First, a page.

Jonathan J.B. Mijs
London School of Economics
We are witnessing a surge in news reporting and scholarly interest in inequality. Most people now know some stylized facts about the unequal distribution of income and wealth. Throughout the West, the top 10 percent takes home a third of all income and owns two-thirds of all wealth. The United Kingdom is no exception.
So, how has the other 90 percent responded? We’ve seen protests here and there. The Occupy movement caused quite a stir, but already feels like a distant memory. What’s striking is the absence of large-scale public unrest, mass demonstrations, revolt. For most people, inequality is business as usual.
I think there are three parts to explaining the lack of popular unrest about inequality.
For one, despite all the media attention, most people still underestimate just how unequal a society they live in. Ordinary workers haven’t a clue how much money their CEO takes home. And CEOs have no idea how little their ground-level employees have to live on. In a recent survey, British people put the income ratio at 15:1. In reality it is closer to 90:1. What would be people’s ideal? An income ratio of 5:1.
The second part of the explanation is that many think inequality reflects the accomplishments of hard work and talent, or a lack thereof. We celebrate the success of our leaders in business, sports and science. Conversely, the poor must have made poor decisions somewhere down the road; relieving us of the obligation to care.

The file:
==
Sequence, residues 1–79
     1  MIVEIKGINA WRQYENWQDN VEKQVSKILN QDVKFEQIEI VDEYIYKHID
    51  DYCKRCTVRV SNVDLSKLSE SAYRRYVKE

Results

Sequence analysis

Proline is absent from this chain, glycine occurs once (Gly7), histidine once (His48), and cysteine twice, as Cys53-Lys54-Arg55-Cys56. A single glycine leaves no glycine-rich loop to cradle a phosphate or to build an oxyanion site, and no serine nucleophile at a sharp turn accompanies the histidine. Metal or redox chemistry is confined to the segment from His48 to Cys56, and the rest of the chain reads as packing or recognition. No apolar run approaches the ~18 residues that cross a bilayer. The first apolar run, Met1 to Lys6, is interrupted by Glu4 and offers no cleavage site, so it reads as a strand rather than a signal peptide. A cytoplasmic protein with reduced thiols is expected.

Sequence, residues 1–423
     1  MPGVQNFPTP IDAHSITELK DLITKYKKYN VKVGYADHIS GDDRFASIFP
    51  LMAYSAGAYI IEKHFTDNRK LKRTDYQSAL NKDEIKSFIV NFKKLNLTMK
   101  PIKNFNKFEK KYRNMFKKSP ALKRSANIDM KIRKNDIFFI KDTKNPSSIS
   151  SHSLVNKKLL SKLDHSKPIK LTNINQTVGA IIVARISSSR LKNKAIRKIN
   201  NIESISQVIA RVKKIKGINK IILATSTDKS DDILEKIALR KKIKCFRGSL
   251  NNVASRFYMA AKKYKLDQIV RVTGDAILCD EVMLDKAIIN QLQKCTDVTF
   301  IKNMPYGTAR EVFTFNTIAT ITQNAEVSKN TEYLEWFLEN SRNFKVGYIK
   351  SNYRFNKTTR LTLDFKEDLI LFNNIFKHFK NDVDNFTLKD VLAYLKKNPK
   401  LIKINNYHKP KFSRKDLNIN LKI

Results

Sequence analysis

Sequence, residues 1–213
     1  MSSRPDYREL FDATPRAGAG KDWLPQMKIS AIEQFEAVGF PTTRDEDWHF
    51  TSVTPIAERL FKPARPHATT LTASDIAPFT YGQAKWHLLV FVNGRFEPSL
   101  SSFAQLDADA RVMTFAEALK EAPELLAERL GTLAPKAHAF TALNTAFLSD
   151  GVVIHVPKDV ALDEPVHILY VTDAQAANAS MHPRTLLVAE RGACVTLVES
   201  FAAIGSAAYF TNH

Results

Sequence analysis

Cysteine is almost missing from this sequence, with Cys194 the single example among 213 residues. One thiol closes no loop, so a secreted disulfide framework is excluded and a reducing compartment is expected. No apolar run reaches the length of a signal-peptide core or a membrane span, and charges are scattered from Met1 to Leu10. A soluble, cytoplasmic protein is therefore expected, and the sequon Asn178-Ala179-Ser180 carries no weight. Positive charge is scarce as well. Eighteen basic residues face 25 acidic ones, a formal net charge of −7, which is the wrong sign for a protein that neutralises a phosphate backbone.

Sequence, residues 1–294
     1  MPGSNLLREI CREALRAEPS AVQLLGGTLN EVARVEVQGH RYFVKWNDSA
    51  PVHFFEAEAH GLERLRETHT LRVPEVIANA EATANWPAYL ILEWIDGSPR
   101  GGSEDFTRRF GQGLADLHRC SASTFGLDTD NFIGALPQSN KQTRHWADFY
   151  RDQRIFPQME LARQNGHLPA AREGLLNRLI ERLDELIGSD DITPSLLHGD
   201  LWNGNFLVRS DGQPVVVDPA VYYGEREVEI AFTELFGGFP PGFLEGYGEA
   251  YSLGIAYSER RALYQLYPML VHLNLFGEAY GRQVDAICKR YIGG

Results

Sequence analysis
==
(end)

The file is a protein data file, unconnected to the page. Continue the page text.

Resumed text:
My research demonstrates that beliefs in meritocracy remain as strong today as they ever were. Why would inequality bother us if wealth and poverty are the outcome of a fair meritocratic process?
The third part of the explanation why people haven’t taken to the streets is their inability to imagine an alternative of a more equal society. They may not believe such is viable, or even desirable.
To sum up, the most striking thing about the rise of inequality is that it hasn’t been accompanied by major popular unrest. This, I argue, is due to a combination of three factors: (1) people underestimate the extent of inequality; (2) consider inequality as the outcome of a fair, meritocratic process; and (3) have no alternative to mobilize for.
If my diagnosis is correct, it follows that we will only see the real popular response as citizens become better informed about the extent of inequality; when their meritocratic worldview is shattered and the legitimacy of the income and wealth gap falls apart; and once people find a clear and viable alternative to their unequal societies.
These then are the three ways through which organizations like Amnesty can help shape the public conversation: by educating people about the reality of inequality; correcting the myth of meritocracy; and by showing what a different world would look like.
Michael Young coined the term meritocracy in 1958 in a dystopian novel of a society where inequality had the moral gloss of deservingness; where the economically marginalized were blamed for their misfortune, and society’s elites received unequivocal praise. His novel ends abruptly with the death of the fictional author, as the ‘undeserving’ citizens take up arms to overthrow the meritocratic elite. The people, he predicted, will see right through it and reject meritocracy like they did the aristocracy. Today, sixty years later, that moment still feels very far away.